Easy Rider

Released 1969
Directed by: Dennis Hopper
Produced by: Peter Fonda
Written by: Peter Fonda, Dennis Hopper and Terry Southern
Starring: Peter Fonda, Dennis Hopper, Jack Nicholson

By Mitchell Hillman, Jr.

Easy Rider is a cinematic roadshow born from the cultural and political strife of middle America in the late 1960s and a direct descendent of earlier rebellious journeys like Jack Kerouac’s On The Road. Like that Beat Generation novel, although the language and styles are dated, the theme and meaning behind the film is timeless. To quote the movie Freedom, "That’s what it’s all about." But it is also about the conflicts that occur when seeking true freedom and enlightenment. As a young Jack Nicholson says "Yeah, freedom. That’s what it’s all about, but it’s difficult to be free when you’re bought and sold in the marketplace."

Made on a shoestring budget and featuring a cast of relative unknowns, Easy Rider chronicles the motorcycle journey of Captain America (Peter Fonda) and Billy (Dennis Hopper) from Los Angeles to New Orleans for Mardi Gras. Along the way, the characters meet a hippie heading home to his commune, spend time in prison and befriend George (Jack Nicholson), a drunk lawyer who joins the journey. They meet ridicule and potential violence in a small diner in Louisiana, enjoy the otherworldliness of Mardi Gras, and encounter a final violent episode on a quiet country road just as their journey is really beginning.

The amusing thing about watching Easy Rider is that you get to peek into a time capsule and snicker at the fashion, language, and filming techniques of the time. The scary thing about watching Easy Rider today is, unfortunately, many issues of hate and distrust of individuals discussed in the film are still alive and well nearly 30 years later.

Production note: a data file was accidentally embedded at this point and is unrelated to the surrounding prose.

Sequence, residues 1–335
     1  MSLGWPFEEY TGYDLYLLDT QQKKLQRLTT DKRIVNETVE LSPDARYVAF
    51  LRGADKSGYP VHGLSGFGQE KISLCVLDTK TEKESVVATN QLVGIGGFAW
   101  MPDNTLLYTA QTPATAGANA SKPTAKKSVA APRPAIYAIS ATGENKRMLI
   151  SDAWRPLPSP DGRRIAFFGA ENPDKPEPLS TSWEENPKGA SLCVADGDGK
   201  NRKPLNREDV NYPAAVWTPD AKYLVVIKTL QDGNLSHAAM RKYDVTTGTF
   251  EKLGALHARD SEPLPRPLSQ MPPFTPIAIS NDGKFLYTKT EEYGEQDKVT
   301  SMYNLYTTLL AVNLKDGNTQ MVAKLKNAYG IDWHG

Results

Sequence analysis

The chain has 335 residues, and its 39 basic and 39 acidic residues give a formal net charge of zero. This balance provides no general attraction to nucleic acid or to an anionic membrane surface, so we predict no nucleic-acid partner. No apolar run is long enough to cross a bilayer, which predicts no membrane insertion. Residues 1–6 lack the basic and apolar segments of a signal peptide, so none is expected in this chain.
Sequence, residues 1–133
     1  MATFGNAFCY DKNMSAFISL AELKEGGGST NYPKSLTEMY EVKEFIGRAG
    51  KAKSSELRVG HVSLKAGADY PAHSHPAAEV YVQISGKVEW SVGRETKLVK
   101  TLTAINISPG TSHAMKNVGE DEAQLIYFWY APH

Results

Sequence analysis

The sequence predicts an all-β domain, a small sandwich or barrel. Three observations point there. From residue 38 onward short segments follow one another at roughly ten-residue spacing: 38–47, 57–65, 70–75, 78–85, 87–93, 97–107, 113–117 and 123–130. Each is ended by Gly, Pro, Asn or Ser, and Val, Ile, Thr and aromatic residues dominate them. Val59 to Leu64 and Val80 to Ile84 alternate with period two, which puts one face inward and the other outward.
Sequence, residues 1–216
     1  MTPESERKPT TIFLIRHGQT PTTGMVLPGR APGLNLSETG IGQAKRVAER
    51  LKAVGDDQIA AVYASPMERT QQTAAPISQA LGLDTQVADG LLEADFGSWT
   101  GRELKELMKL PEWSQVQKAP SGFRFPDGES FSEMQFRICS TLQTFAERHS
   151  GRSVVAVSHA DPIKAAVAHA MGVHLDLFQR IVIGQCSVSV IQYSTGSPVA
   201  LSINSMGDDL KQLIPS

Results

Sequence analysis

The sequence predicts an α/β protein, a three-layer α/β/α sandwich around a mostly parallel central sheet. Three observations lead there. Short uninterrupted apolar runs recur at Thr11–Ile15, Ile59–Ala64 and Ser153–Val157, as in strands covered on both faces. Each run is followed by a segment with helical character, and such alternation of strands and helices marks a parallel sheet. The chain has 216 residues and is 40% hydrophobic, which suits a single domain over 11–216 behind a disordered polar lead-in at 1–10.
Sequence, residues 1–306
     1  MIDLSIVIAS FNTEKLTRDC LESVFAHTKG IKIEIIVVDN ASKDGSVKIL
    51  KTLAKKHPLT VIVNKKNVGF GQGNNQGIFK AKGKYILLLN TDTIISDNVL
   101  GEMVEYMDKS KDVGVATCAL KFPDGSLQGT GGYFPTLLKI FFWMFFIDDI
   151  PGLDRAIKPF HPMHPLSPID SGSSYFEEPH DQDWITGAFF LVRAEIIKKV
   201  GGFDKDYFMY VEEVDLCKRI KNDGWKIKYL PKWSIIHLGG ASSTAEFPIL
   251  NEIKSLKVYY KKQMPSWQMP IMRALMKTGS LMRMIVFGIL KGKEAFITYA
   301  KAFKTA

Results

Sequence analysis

Although the language sounds dated, both Fonda and Hopper create characters that are relevant today. Fonda plays the role of the philosophical conscience of the group—slow to speak and always insightful, while Hopper portrays the ugly American—loud, arrogant, aggressive—a stoned loner who wants things his way and no other. When the duo encounter Nicholson, who is recovering in jail after another heavy night of drinking, Fonda and Hopper are introduced to a tiny segment of the establishment, and they realize that they may actually have something in common with the people they thought they hated.

After a scene in a small diner in Northern Louisiana, where the three travelers are ignored by the servers and verbally harassed by the local sheriff and a bunch of backwoods locals, it is Nicholson who puts the incident into perspective. "They’re not scared of you," says Nicholson. "They’re scared of what you represent—freedom."

The movie climaxes with the Captain and Billy’s arrival in New Orleans. They experience Mardi Gras in the streets, eat their "Last Supper" and then have a hallucinogenic experience with two prostitutes in a New Orleans cemetery—a final prediction of their violent and untimely demise.

Easy Rider stands up pretty well for what it is—a travelogue of the American highway at an extremely turbulent time in our country’s history. The movie’s soundtrack, which features the likes of the Byrds, Jimi Hendrix and Steppenwolf, further enhances the story by entwining relevant music with the film footage. From Steppenwolf’s "The Pusher" behind the opening drug deal scene with Phil Spectre, to "Born to Be Wild" starting as they hit the road and opening credits roll, to Roger McGuinn’s version of Dylan’s "That’s Alright Ma’ (I’m Only Dying)" playing before the film's violent end, the music is used to help tell the story as much as the dialogue and cinematography do.

The most important part of the movie hinges on the careful character development of primarily Fonda and Hopper’s, but also Nicholson’s lawyer. While Captain America and Billy are both representations of hippies they are polar opposites in their manners and behavior. Captain America is the hippie ideal, coolly looking toward enlightenment and its freedom; Billy is the hippie worst case scenario, searching only for a good time of drugs, booze and women. Of course, you could substitute "American" for "hippie" in that statement and it wouldn’t change a thing. Nicholson is the pivotal point between the two offering them a perspective between theirs, one that understands their desires and dreams, but knows the hard facts of the real world.

This film could be examined on many levels. Whether the characters symbolize three different faces of America, the three parts of the subconscious (id, ego and super-ego) or if this is a religious analogy filled with martyrs and Christian analogies; it is clear that they are all tragic heroes. All three are shattered men, when together they are complete, but once that balance is lost, so too is the journey.

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